So I look straight. Always have, this is just me. I’m a very queer person. Anyone who knows me knows I’m a lesbian, it’s kind of my super power. I have been confused for straight since I came out in 1999. People told me it was a phase, that it was something I was doing in university, yeah, because sexual orientation has an expiry date of an undergrad education. When I came out in 1999, we didn’t have same sex marriage in Canada. We didn’t have some of the basic human rights we have today. We were still talking in the community about HIV/AIDS because our queer brothers and sisters were still dying from it. We were not talking about trans rights (ref: Vancouver’s Rape Crisis Centre). We were not talking about LGBTQ2S rights. We were not talking about two-spirited peoples and their right to self determination or the need to decolonize ourselves.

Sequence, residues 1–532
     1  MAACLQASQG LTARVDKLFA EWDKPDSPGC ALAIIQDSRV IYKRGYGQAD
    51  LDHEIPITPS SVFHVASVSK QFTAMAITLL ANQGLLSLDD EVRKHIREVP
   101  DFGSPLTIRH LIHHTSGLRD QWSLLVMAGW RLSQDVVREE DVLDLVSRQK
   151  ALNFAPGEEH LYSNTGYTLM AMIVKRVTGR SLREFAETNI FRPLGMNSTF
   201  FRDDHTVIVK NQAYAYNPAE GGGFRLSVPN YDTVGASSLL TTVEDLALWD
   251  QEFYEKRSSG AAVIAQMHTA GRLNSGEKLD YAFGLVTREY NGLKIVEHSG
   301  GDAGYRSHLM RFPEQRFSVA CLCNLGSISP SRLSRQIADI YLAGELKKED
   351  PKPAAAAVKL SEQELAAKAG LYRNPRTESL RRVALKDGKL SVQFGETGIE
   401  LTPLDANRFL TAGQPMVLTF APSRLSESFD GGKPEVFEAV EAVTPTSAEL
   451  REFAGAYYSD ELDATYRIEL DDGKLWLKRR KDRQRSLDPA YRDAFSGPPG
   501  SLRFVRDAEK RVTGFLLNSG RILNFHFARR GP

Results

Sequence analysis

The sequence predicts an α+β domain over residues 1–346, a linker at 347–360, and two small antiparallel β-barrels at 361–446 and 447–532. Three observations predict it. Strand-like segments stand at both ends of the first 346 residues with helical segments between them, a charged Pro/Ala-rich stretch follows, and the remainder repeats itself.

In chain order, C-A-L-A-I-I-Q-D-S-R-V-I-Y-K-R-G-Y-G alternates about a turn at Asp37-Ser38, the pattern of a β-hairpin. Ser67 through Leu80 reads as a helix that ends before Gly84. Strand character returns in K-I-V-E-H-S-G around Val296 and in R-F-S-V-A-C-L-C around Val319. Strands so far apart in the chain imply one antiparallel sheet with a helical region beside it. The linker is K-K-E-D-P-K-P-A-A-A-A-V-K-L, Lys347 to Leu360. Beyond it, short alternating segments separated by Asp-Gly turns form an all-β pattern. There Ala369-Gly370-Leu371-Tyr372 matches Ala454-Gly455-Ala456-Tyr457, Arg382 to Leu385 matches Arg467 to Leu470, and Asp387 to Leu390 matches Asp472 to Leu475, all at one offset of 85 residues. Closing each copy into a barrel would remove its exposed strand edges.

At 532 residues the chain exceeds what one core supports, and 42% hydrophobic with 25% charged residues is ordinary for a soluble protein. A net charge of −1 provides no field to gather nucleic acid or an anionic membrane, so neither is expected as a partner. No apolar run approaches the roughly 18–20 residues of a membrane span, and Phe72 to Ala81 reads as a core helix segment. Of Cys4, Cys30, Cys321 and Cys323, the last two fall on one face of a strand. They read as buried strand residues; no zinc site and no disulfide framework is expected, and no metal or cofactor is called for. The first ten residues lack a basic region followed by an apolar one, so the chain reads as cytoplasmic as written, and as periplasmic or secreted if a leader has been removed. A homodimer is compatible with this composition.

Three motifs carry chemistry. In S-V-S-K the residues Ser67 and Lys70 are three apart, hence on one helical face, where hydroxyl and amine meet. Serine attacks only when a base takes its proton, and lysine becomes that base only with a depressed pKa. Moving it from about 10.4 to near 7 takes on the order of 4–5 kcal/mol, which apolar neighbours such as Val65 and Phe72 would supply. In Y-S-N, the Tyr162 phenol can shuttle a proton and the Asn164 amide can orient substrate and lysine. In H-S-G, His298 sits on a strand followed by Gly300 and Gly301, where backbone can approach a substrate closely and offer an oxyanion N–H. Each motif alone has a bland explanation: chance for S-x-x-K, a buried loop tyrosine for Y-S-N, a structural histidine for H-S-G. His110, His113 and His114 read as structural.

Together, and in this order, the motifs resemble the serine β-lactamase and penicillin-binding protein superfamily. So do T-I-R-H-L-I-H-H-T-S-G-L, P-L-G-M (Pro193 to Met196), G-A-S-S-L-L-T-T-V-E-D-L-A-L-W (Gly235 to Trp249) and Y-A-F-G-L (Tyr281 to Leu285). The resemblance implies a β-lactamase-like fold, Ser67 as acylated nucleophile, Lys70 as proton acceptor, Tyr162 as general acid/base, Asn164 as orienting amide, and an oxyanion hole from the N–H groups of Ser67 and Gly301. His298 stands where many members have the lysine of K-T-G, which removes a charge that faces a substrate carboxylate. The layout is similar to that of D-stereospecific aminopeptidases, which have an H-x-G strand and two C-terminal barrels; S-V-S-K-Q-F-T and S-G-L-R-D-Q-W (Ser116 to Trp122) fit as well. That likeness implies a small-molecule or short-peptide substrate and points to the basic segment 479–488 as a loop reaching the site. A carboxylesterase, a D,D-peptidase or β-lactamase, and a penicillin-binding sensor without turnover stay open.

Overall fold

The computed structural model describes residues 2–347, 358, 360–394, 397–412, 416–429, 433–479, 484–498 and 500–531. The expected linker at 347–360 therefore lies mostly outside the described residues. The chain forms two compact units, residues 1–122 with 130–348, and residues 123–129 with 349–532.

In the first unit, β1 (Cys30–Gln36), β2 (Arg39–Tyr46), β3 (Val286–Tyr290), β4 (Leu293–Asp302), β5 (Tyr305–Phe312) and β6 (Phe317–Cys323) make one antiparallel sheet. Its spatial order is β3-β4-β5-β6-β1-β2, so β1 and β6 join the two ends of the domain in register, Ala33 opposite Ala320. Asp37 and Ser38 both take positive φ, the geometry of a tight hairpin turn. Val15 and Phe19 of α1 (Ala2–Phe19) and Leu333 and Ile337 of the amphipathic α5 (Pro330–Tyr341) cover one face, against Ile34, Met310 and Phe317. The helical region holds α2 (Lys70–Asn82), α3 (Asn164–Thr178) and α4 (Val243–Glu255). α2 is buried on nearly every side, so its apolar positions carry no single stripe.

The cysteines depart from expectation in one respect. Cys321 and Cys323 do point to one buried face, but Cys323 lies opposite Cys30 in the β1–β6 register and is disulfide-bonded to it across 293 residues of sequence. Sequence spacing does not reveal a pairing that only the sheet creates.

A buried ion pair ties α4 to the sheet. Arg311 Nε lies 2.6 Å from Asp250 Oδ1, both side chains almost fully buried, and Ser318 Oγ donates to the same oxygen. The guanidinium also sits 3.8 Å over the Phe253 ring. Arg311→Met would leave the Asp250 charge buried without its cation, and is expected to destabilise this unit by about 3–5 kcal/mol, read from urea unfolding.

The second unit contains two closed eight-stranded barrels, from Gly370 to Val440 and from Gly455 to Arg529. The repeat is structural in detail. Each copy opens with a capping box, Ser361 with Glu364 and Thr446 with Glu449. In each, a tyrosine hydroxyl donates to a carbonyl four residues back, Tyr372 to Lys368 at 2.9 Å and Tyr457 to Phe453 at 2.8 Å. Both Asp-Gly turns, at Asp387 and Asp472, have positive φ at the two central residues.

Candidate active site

When I came out, I had some queer friends who told me everything was going to be ok. I had family friends of my parents who stopped talking to me, stopped inviting me over, stopped including me in social events. When I came out, I found not only myself, but my people. When I, in 2000, went to a queer bar in Kingston on NYE, I met Meg. I wear my pride. So the next time you ask me what my husband does or how long I’ve been married and assume it’s to a man, I will politely correct you. But I won’t forget that you are heterosexist. It is not my job to educate and inform. Please remember that when you make assumptions, you put me back in the closet, because everytime, I have to out myself. Out and proud since ’99. I’ll just lead with that next time. xo Janet